by Michael Byrne.
“Jenny (A Fairytale)” has only been published on my own blog (Static Culture) and fewer people than I realised (when sent out to critique) are aware of the legend of ‘Jenny Greenteeth’ . I am unsure whether giving some intro into the legend will lessen the story or accentuate it but for reference ‘Jenny Greenteeth’ is a Lancashire legend of a river hag who would eat children. The below website offer a nice brief description: Fairyist: Jenny Greenteeth.
MICHAEL BYRNE a London based Writer/ Film Maker originally from Rochdale in Lancashire. He writes for his own blog, Static Culture and is currently seeking representation. He says he never truly sets out to write dark or subversive stories but for whatever reason they usually end up that way. His previous work, ‘Gast’, received wonderful reviews from readers of Scribble Magazine, coming second in their quarterly competition. ‘Gast’ can also be found at Static Culture. His film work people can be viewed at Cracked Films.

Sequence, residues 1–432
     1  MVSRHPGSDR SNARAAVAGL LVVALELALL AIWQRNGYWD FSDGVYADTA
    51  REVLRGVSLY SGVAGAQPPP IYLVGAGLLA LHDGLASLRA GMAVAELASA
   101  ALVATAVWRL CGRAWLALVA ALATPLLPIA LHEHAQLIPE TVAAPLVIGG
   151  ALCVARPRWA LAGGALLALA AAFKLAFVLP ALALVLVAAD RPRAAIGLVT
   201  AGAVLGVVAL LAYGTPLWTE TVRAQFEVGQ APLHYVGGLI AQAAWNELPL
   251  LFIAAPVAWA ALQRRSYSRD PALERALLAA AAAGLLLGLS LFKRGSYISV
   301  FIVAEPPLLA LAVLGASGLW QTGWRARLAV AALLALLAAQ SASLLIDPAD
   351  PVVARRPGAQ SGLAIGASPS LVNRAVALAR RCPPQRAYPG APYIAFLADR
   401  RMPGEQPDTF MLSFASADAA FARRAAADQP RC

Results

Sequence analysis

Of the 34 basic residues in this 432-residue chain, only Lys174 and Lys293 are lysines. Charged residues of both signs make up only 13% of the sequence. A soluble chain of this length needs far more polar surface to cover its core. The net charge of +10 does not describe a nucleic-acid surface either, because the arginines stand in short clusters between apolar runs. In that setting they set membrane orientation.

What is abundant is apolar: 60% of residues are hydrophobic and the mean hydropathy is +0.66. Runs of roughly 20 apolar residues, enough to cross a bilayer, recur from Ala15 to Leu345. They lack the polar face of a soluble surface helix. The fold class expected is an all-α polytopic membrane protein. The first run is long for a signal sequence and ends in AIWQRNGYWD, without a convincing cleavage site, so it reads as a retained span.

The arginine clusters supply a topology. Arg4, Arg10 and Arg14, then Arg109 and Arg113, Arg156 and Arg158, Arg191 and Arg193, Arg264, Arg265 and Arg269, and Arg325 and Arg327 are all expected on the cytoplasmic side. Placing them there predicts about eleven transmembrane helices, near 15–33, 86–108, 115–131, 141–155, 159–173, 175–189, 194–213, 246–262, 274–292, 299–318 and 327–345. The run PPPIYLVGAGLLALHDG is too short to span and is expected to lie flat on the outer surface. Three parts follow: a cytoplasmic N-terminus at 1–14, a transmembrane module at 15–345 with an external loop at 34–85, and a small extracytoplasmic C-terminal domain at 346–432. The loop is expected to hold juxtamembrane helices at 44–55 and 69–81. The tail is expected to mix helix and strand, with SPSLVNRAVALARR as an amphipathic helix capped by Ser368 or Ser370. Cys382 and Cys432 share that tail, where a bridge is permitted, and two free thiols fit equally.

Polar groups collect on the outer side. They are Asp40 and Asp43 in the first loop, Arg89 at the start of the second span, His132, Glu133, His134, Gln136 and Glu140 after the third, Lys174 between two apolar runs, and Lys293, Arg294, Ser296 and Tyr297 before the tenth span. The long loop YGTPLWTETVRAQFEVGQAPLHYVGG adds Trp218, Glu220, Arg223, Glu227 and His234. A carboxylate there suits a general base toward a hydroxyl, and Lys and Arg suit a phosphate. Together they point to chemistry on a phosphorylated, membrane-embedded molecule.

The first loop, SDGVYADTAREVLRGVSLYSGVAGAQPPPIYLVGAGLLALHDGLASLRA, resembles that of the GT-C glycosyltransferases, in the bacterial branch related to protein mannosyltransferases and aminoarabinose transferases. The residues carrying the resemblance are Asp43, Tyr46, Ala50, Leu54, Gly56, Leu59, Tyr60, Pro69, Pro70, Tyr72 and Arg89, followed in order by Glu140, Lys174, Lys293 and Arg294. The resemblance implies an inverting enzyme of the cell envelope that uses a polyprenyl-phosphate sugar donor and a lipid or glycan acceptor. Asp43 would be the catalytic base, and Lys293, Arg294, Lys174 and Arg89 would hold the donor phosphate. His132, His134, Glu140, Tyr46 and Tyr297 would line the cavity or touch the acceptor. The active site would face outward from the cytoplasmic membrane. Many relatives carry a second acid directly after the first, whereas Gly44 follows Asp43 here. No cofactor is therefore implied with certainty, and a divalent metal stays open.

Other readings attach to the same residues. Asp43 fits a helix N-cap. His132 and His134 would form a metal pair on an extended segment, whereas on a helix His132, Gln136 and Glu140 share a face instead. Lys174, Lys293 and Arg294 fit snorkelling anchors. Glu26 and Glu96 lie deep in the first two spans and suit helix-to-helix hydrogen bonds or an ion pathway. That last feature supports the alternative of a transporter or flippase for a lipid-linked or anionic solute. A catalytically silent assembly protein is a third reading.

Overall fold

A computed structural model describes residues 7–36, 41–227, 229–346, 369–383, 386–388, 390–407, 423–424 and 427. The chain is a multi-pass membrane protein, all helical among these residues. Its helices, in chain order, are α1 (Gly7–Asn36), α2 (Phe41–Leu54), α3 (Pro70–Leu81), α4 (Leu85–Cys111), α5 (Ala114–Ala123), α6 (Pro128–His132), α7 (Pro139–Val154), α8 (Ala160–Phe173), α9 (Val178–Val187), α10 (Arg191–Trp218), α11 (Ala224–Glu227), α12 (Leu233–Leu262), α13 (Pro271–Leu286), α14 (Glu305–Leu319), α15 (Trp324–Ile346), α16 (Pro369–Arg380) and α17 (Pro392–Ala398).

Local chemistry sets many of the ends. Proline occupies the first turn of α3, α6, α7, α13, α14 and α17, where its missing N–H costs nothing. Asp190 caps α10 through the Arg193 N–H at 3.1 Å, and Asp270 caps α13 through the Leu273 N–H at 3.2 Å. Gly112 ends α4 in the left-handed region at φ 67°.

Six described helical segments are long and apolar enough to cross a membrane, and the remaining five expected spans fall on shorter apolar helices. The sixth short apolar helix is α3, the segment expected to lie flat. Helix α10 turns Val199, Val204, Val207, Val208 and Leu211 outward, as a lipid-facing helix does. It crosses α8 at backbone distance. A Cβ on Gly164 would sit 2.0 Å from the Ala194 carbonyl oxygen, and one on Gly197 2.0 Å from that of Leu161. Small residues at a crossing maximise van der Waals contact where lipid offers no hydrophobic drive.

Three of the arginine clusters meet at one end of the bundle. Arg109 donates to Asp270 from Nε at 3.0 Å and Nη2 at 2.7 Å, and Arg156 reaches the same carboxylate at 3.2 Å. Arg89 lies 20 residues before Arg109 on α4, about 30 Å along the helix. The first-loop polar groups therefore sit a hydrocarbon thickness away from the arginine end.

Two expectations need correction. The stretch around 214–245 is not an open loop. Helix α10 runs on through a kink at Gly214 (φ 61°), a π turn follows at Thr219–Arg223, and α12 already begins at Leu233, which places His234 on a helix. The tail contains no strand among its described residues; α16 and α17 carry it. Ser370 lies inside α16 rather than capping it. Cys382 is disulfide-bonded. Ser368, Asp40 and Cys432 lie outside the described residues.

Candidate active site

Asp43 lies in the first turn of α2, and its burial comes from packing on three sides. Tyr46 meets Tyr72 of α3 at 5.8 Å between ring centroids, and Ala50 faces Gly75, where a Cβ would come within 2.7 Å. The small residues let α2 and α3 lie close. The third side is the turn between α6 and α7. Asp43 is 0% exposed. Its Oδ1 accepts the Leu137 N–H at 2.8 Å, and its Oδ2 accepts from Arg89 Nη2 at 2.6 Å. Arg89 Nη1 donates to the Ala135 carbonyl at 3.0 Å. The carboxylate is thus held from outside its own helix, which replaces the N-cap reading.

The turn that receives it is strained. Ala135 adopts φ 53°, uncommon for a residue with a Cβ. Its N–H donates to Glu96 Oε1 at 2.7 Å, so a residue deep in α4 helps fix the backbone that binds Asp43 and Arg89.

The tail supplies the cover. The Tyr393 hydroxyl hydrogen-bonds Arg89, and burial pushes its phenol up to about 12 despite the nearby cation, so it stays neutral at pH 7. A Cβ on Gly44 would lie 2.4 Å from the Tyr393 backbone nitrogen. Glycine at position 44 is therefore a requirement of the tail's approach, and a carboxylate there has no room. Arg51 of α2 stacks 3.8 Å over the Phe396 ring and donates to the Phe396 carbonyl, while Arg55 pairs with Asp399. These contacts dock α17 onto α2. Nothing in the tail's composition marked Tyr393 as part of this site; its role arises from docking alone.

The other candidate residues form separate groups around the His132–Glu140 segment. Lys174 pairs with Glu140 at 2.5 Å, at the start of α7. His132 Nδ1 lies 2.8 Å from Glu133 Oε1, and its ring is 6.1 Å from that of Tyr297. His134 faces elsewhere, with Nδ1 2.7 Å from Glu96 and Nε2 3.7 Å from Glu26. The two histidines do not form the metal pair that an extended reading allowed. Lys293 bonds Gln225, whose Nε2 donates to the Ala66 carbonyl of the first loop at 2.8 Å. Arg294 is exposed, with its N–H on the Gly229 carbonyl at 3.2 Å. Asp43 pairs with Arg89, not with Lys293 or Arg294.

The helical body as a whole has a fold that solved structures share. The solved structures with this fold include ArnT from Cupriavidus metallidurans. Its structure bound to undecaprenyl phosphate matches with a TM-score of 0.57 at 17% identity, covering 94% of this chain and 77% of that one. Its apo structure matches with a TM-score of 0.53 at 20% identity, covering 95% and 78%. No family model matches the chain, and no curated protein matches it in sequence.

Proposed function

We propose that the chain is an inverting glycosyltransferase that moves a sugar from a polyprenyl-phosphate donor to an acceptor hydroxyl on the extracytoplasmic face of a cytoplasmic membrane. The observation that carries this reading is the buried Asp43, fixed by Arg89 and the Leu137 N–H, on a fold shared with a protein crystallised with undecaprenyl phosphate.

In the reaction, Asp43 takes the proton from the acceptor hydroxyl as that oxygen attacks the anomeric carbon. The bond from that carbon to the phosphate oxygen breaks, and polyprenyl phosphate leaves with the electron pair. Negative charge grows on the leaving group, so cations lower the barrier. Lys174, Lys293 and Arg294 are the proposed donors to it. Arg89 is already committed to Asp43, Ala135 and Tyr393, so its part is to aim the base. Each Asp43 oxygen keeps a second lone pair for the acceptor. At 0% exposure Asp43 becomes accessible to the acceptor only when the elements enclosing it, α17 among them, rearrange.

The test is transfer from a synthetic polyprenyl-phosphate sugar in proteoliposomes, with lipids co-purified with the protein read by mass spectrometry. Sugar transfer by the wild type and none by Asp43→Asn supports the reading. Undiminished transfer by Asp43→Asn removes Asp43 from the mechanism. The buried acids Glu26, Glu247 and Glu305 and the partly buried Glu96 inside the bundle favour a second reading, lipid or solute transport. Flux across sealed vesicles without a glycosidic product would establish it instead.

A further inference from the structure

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In the past she had had many names, each one having evolved into legend and folklore, each a variation on a theme of children keeping away from the water’s edge. For the most part the stories’ graphic content seemed to work but there were always one or two younglings that would wander too far, out of bravado or curiosity, to the edge of their known world. Over the years she had noted how the bravery and stupidity of humans skated a fine line and that children seemed inherently prone to both attributes. Waltzing jovially into her watery embrace, unknowingly of course until the last moment. Never seeing her glide under the still waters without making a ripple. Black shark eyes absorbing every movement above the water until, in an explosion of sound she would berth, clasping her leathery reed-encumbered arms around her prey and pulling them effortlessly below. Families would search, siblings would scream, mothers would weep. So it was for centuries that the children of the upper world would become unwilling food for the preternatural. It was a gruesome system but a system none the less. Then the industrial revolution conquered the minds of man and development slowly began to leak its influence into the world. The pond became a functional device for a red keep of steam and smog, the inhabitants of the town growing in number and brood, encroaching ever closer to her domain. With five or six litters per homestead, it was expected that some could not return from their labour at the mill, their unwilling sacrifice keeping her belly full. These golden days were short lived however, a century of feasting slowing down to feeds twice or so a week. But her appetite was a patient one, being able to go weeks without food like a snake or a scorpion in torpor. Still they would come, alone or in cavorting pairs; the missing posters of yesterday littering the park with saturnine confetti that they failed to take heed of. So it was that times changed and thus she changed with them. The world adapted and she in turn adapted her hunt…